If we take the Lord’s Supper in an unworthy way, we sin not against bread and wine as empty symbols, but more gravely, against the very body and blood of Christ. So the spiritual danger of misusing communion is to have guilt counted to you, instead of taken away, and Paul says that if we eat and drink without discerning the body, we eat and drink judgment on ourselves. Of course this is not the purpose of the Supper, and when we receive it worthily it takes guilt away. But this is the most important reason why we practice closed communion, and that is to prevent someone from eating and drinking judgment on themselves, and being responsible for guilt against Jesus’ body and blood. I have to make an important side note here, because in the old King James Version that some of you grew up with, it read: “For he that eateth and drinketh unworthily, eateth and drinketh damnation to himself, not discerning the Lord’s body” (1 Cor. 11:29). Damnation of course, is eternal judgment. So is one eternally condemned if they inadvertently misuse the sacrament, or what kind of “judgment” is it? First we should note that all the other modern English versions render it “judgment” rather than damnation. There are actually distinct words in the Greek New Testament to speak of judgment in a general sense or temporal sense, and then also an eternal and therefore more severe sense, usually translated condemnation.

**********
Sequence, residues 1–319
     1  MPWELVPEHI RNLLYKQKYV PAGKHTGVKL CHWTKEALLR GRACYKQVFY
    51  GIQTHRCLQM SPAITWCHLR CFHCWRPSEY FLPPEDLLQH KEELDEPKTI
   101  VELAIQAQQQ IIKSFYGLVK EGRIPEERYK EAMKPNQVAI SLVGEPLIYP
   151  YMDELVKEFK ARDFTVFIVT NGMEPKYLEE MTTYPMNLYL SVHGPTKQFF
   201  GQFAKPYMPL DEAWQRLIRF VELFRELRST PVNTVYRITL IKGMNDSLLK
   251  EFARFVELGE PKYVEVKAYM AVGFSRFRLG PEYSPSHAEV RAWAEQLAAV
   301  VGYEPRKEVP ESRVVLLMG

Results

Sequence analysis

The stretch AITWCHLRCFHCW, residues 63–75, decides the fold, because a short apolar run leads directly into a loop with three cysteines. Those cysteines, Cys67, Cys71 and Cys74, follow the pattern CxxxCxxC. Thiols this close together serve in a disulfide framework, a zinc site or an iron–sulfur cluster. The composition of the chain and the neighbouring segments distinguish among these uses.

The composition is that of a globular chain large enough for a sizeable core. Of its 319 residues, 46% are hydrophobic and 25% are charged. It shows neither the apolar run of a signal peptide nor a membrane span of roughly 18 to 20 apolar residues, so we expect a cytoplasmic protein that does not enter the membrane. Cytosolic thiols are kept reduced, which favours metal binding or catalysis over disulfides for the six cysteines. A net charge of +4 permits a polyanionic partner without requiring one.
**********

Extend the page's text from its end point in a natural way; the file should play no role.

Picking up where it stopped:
What does this mean for us? Well, it doesn’t mean that a person is guaranteed eternal condemnation if they misused the sacrament, but it does mean that they received judgment in at least a temporal sense. And the two degrees of judgment are related, because if we receive judgment now in time, and are not warned and brought to repentance and faith, so that we are cleared of guilt, than the present judgment can lead eventually to eternal judgment. Paul explains this right in the context of 1 Corinthians 11, by saying that there had been weakness, illness, even death among the Corinthians because of their misuse of the Sacrament. And so he warns them to judge or examine themselves so that they won’t be judged, and that being judged by the Lord (now) is discipline for us so that we’re not condemned (eternally). So pay attention to God’s judging or discipline now, through His Word of Law that shows our sins. Then we will turn from our sin and receive the Sacrament to be forgiven and cleared of our judgment and guilt.